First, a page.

3. One footnote–I am not as familiar with the SGM situation but know that no Christian group is immune, and reading some of the comments of the “survivors” causes me to hurt for them. It is sad when good people are caught in such a crossfire. And certainly not what our Lord ever intended. We all must lay aside our egos, starting with the leadership within the body of Christ. If not everyone pays. Again obviously you did strike a needed chord. And I am glad you spoke out.

  4. Thank you for speaking out on spiritual tyrants. The sad thing about these tyrants is they really don’t care about what happens to the heart/soul of these beaten down sheep.

    • Julie, I only wish I had gotten something on this subject up here sooner. After several years in the military, my reaction to this sort of abuse is for my high view of justice to kick in, and then I start mentally planning to do violence to the perpetrators. I have zero use for abusers of women and children.

      It’s probably good that I’ve not said or written anything up to now. I don’t think anybody here could afford my bail.

  5. For the individual leaving comments under the handle “SGMSupporter”:

    As a general rule, just about anything goes in the comments area of this blog—except for those things noted in The Comments Policy.

    However, I do not and will not tolerate insults, jibes, ad hominem arguments, or veiled threats. I certainly don’t tolerate the sort of abusive vitriol that you have spouted and are continuing to spout against Deb and Dee (of The Wartburg Watch), or against the folks that have suffered spiritual abuse, or who have come forward to report sexual abuse at the hands of SGM pastors. (As an aside, what sort of self-professed Christian uses the sort of abusive language that you do against victims of rape and molestation? Have you no shame? Do you not fear God?)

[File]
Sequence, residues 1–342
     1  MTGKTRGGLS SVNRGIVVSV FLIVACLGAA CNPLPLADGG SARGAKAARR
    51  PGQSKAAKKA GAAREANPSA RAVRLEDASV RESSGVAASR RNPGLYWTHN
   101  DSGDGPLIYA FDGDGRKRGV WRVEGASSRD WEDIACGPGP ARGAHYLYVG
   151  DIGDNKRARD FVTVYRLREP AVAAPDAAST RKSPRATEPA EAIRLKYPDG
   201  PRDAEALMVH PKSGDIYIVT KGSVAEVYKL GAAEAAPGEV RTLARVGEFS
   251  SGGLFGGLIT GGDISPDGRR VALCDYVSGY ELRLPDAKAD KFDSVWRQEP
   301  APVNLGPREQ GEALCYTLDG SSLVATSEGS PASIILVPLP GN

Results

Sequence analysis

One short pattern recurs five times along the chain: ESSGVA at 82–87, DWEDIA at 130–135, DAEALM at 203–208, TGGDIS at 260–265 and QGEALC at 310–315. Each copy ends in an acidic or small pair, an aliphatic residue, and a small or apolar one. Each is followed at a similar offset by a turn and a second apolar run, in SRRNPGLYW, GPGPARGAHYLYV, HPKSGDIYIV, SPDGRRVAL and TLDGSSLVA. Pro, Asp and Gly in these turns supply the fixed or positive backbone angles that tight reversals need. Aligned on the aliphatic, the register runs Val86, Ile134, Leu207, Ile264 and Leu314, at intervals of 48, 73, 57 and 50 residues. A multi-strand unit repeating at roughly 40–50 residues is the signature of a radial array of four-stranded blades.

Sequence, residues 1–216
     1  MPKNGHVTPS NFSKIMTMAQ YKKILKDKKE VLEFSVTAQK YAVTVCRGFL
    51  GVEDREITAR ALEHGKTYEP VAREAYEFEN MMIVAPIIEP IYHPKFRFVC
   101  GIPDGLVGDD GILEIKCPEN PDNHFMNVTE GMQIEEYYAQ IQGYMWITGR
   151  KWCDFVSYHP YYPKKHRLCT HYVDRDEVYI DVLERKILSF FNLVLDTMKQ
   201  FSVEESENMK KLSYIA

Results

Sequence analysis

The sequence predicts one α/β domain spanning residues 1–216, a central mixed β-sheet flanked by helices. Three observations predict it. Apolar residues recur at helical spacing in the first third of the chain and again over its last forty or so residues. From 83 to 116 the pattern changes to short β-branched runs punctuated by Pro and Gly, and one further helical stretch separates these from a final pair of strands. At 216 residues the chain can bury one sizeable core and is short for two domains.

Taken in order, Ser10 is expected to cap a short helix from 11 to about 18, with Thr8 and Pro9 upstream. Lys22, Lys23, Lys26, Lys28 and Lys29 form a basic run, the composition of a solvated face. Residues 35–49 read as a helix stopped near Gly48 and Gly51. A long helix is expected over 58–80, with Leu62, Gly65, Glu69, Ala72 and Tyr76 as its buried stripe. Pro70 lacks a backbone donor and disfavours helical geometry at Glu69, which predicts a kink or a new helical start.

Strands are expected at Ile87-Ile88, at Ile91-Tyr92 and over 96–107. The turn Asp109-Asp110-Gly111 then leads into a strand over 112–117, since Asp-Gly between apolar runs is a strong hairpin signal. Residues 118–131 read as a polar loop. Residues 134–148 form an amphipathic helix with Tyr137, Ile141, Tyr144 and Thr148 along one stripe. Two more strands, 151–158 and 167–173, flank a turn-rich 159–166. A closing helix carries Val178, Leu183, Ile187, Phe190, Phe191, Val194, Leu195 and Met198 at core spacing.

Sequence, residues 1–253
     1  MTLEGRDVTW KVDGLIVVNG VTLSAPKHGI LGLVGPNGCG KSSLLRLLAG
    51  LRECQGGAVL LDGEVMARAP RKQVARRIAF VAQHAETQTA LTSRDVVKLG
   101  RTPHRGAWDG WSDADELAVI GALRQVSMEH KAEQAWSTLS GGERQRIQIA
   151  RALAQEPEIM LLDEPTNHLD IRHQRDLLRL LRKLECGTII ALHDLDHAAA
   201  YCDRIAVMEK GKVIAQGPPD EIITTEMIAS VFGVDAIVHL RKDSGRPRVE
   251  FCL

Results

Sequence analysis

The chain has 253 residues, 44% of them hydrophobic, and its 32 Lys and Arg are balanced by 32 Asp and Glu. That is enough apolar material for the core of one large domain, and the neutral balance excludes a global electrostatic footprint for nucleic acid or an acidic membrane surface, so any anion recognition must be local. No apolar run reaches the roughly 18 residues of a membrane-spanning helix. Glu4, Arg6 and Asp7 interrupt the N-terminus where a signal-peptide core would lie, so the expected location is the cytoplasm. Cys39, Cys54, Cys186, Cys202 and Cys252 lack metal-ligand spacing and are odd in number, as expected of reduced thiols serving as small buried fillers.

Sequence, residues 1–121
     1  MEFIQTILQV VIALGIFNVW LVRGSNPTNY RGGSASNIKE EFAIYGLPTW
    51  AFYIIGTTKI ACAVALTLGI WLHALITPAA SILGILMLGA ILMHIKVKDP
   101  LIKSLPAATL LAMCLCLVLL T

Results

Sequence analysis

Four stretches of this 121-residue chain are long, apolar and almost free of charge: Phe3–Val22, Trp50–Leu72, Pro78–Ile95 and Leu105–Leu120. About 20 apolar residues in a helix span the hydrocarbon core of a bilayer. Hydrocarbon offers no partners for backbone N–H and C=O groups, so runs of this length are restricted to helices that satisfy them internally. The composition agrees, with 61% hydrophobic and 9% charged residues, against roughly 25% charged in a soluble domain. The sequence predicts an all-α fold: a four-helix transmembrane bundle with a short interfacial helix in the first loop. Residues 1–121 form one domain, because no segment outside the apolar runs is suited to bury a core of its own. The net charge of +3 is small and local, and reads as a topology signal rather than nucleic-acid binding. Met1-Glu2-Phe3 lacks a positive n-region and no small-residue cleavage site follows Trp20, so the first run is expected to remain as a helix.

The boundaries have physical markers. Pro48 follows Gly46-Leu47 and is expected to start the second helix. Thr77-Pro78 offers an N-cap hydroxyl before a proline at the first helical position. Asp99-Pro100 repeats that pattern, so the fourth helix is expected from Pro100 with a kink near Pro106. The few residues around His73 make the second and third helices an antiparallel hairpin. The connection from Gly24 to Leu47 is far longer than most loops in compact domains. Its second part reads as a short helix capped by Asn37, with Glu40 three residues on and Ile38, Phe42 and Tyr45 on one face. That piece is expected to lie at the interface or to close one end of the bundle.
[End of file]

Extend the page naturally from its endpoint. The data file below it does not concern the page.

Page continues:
Furthermore, the fact that your initial comment languished in moderation for several hours does not give you the right to leave me more than 20 additional comments disparaging my character and questioning whether or not my father might have been, to use your words, “a large sheepdog.” I have a limited amount of time that’s taken up primarily with studying. This evening I was traveling for 4 hours in order to reach the city where I will be preaching this Lord’s Day.

    Henceforth, your comments will go directly to the trash, from whence they shall not return.

    Let this be a warning to other trolls—I will not tolerate this sort of behavior at Southern Reformation.

"I appeal to you, brothers, to watch out for those who cause divisions and create obstacles contrary to the doctrine that you have been taught; avoid them. For such persons do not serve our Lord Christ, but their own appetites, and by smooth talk and flattery they deceive the hearts of the naïve." (Romans 16:17-18) Please read "The Comments Policy."